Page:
U.S. Rep. Ileana Ros-Lehtinen (R-FL), a fierce critic of the left-wing governments of ALBA and one of the only U.S. lawmakers who pays any mind to Nicaraguan President Daniel Ortega, released a statement this week criticizing President Barack Obama for not condemning the Sandinista leader during his recent trip to Central America.
“It is disappointing that the President once again concludes a visit to Latin America without any coherent strategy on how to advance U.S. interests in the region, promote democracy, and hold accountable those regimes that oppress their own people,” Ros-Lehtinen said in a release.
The Cuban-born congresswoman noted that President Obama talked about the political crisis in Venezuela, but said he didn’t go far enough to “offer what actions the U.S. government would take in order to respond to the calls for democracy by the Venezuelan people.”
On that same note, Ros-Lehtinen feels Obama missed an opportunity to publically censure the Ortega government for its democratic deficiencies in Nicaragua.
“The President failed to condemn the illegitimate elections in Nicaragua and Daniel Ortega’s successful attempts to violate the Nicaraguan constitution multiple times,” Ros-Lehtinen said in a release. “How can we expect the President to stand firm to Maduro now in Venezuela, when he has no problem sitting at the dinner table with Daniel Ortega who engaged in the same tactics as Maduro and prevented a free, fair, and transparent election from occurring?”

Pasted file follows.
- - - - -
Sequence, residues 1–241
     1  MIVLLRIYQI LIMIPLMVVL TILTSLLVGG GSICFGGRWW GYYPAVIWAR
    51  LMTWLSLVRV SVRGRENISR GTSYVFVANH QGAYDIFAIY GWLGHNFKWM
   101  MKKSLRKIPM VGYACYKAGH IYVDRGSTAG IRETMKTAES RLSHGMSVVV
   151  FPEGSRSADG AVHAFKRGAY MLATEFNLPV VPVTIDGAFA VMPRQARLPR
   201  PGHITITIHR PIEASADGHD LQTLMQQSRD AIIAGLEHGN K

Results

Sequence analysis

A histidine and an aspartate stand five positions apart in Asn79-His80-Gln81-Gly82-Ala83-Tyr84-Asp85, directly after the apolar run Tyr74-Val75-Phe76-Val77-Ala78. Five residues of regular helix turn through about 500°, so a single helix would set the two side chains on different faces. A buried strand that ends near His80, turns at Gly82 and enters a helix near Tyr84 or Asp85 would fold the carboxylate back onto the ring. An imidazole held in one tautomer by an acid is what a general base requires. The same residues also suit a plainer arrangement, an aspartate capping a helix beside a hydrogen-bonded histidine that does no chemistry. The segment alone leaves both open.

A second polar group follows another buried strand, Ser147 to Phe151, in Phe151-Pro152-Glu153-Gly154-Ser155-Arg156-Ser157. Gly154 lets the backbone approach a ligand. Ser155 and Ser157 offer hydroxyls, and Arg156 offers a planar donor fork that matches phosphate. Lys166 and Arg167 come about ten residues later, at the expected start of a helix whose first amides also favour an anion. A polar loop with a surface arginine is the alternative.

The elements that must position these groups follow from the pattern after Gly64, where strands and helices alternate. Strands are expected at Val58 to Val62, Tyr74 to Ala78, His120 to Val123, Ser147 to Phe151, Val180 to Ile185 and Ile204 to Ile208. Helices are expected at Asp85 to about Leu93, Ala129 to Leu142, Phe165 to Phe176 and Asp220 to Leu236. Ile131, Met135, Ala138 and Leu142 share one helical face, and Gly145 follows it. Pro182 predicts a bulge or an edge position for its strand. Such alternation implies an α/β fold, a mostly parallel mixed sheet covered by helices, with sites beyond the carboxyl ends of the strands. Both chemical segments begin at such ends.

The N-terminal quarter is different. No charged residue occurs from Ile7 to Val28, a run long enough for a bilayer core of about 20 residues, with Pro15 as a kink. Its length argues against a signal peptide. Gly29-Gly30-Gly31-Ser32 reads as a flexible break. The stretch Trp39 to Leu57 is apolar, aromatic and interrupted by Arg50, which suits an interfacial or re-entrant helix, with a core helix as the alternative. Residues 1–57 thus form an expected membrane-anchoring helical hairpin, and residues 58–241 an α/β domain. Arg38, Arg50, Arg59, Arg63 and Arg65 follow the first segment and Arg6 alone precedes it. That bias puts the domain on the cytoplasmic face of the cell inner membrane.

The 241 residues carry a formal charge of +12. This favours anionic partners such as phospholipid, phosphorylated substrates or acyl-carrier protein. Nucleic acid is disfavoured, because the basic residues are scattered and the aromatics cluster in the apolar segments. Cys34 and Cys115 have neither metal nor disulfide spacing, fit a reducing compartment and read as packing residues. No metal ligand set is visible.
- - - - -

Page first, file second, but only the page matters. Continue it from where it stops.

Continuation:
The Florida congresswoman is trying to lead a charge in Washington against the Venezuelan-led Bolivarian Alliance for Our America’s (ALBA).
“The leaders of the ALBA nations in Venezuela, Ecuador, Bolivia, and Nicaragua are constantly working against U.S. and regional democracy and security objectives and from Cuba to Venezuela, millions of innocent people continue to be deprived of their democratic rights and fundamental freedoms,” Ros-Lehtinen said.
The Republican congresswoman recently teamed up with New Jersey Democratic Congressman Albio Sires to introduce bipartisan legislation (HR 1687- Countering ALBA Act of 2013) that urges the U.S. President to sanction persons who are officials of or acting on behalf of ALBA Governments, who the President determines are responsible for or complicit in the commission of serious human rights abuses against citizens of ALBA countries.
Such sanctions may include: ineligibility for a visa to enter the United States, blocking of property, and prohibition on financial transactions, pursuant to the International Emergency Economic Powers Act.
The bill also directs the Secretary of State to transmit a comprehensive strategy to ensure that ALBA governments are democratic governments committed to making constitutional changes that would ensure regular free and fair elections and the full enjoyment of basic civil liberties and human rights by the citizens of ALBA countries; and have made demonstrable progress in establishing independent judiciaries and electoral councils.